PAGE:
Mentors for Girl Scouts 2023 Take the Lead program look to learn from girls

Cris Collingwood//December 20, 2022

Mentors for Girl Scouts 2023 Take the Lead program look to learn from girls

Cris Collingwood//December 20, 2022

The four 2023 Take the Lead Lehigh Valley honorees are excited to learn from the “exceptional” Girl Scouts they will mentor next year. 

Vicki Doulé, senior vice president, BSI Corporate Benefits; Michelle Kott, chief of police, City of Bethlehem Police Department; Lisa Liddington, vice president of Operations, Lehigh Valley Hospital – 17th Street Campus, Lehigh Valley Health Network; and Darlene Pors, project sales associate manager, H.T. Lyons were chosen by the Girl Scouts of Eastern Pennsylvania (GSEP) because their achievements epitomize Girl Scouts’ values, while also serving as a leadership opportunity for the girls. 

Liddington, who, according to her nomination, has dedicated her career to being a role model for girls and women everywhere, said she is excited to be part of the “unique event” because it is mission based. “This is an opportunity for us to experience their mission and have a meaningful role in what Girl Scouts do.” 

Girl Scouts’ mission is to build girls of courage, confidence, and character, who make the world a better place. Through the Girl Scout Leadership Experience, girls are prepared for a lifetime of leadership, success, and adventure in a safe, no-limits place designed for and by girls, GSEP said.   

“I attended the event last year and was blown away by how the girls handled the program,” said Pors, who has a passion for mentoring young women in business, especially STEM, and consistently empowers young women in her industry to succeed in their careers, according to her nomination. “We’re getting to see everything that goes into this and the impact the Girl Scouts has on building confidence in the girls. This is such an awesome experience.” 

The program pairs high school-aged Girl Scouts with an honoree to shadow them for a day, gain career and leadership insights, and receive guidance on building their professional network, GSEP said. The girls, who are selected through a competitive application and interview process, then creatively reflect on the experience and deliver presentations at the event to be held April 25. 

The four honorees will meet their mentees sometime in early January and will spend a day mentoring them at work shortly thereafter. 

 “The girls will get to see the workplace and have an opportunity to connect with the people we work with,” Pors said. 

“I can’t wait to see what I learn from her,” said Doule, who is a role model for her younger female co-workers and leads by example through hands-on mentorship that makes a positive impact on her team every day, according to her nomination. “I’m so impressed with them and to be able to take a day to focus on our current leaders, because that’s what they are, is special.”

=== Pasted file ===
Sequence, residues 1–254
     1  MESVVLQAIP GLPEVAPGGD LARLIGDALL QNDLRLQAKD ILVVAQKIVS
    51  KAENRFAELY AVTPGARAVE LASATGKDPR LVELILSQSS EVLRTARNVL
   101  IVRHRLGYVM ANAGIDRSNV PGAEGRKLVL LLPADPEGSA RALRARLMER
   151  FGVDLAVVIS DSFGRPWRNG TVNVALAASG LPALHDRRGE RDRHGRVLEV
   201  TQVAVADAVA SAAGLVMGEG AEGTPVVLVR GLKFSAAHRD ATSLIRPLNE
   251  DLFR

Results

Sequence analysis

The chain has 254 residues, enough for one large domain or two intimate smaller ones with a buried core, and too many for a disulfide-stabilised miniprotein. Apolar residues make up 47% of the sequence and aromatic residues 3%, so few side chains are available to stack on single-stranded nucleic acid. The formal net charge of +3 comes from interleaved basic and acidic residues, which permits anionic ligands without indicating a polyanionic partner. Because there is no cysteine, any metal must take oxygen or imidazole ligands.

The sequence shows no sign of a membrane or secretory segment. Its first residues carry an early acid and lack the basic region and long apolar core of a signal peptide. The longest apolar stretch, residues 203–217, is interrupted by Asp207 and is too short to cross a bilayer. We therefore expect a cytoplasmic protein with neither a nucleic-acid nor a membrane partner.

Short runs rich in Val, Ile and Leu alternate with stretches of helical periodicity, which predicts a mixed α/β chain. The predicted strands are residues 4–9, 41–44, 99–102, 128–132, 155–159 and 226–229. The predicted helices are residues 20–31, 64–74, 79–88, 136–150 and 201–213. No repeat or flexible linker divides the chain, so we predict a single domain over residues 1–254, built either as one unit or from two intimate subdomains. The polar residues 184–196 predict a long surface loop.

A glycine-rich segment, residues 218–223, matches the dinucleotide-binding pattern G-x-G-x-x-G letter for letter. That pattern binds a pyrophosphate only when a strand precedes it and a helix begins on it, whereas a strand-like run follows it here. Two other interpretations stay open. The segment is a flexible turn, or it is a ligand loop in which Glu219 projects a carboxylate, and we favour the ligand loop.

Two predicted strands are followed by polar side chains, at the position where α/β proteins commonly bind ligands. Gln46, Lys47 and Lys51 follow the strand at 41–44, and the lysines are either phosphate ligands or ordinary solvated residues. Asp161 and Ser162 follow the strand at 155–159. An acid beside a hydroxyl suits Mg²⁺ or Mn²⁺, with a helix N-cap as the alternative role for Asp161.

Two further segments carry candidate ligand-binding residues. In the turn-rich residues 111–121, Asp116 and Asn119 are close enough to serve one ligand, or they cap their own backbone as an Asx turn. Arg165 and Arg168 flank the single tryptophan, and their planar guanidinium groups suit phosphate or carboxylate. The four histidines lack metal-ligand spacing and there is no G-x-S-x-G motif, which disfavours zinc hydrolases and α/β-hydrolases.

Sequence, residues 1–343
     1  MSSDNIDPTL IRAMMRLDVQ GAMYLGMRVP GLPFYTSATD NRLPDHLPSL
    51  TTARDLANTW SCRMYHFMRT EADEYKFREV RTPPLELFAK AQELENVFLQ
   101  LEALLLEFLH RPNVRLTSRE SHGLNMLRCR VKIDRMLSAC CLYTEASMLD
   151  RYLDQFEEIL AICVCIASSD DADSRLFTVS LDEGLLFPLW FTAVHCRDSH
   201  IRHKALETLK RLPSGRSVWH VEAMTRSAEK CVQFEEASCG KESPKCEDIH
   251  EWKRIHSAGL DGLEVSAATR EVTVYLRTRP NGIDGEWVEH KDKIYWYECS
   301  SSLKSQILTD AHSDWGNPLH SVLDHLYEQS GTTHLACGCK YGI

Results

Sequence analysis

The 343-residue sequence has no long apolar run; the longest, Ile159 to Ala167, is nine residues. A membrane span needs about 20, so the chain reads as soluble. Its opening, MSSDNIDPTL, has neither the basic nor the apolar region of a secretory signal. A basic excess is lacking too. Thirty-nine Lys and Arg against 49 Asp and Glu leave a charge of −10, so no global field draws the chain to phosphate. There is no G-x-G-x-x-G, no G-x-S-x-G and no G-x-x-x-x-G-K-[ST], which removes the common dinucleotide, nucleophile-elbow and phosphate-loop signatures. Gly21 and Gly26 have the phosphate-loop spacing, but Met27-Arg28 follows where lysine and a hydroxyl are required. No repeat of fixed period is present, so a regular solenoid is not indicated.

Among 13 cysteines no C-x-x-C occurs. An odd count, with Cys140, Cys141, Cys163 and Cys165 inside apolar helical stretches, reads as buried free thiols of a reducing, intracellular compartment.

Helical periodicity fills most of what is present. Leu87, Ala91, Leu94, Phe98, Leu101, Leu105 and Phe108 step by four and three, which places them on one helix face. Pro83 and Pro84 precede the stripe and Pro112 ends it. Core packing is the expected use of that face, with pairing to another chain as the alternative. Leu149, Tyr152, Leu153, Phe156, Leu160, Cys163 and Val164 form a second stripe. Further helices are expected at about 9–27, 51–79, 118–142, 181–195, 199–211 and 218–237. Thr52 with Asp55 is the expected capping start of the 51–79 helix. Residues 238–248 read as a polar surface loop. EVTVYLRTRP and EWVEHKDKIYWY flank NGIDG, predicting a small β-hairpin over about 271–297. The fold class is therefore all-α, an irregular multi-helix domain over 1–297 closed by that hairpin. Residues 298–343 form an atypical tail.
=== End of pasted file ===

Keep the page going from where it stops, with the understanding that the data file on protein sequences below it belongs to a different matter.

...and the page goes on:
Doule said insurance isn’t super exciting, but this will give a Girl Scout an idea of what goes on day to day. “Our company is a for-profit with a nonprofit heart. I want to encourage her to align with a corporation that gives back,” she said. 

Kott said she wants to show her mentee that the sky is the limit. “She can be anything she wants to be.” 

There are misconceptions about police departments, she said. “Every department is different, and I want to show her what is special about ours. I’m sure she will inspire me with her hopes and dreams.” 

Kott, who is committed to helping young women believe in their goals and understand that they are within reach, according to her nomination, said statistics show law enforcement is 17% female. “We need more women. Studies show women are more empathetic, less threatening in some situations and often use less force. I want to encourage her to look into this (profession) because we need to be reflective of the communities we serve.” 

By spending a day showing her all that goes on in a police department, Kott said, “I want her to know she can do this. And not just becoming an officer. She can be a lieutenant, sergeant and even chief someday.” 

“It’s so important to introduce her to leaders and hear their stories,” Liddington said. “This may be what I needed and didn’t have. Everyone here shares and learns from each other, and I think we are in good hands with young people where they are. I’m very impressed with the girls.” 

Doule agreed. “While my company is 75% female, leadership at most places is still male driven. I want to instill in her that she deserves a seat at the table, and I think this is an awesome opportunity to hear it from a mentor.”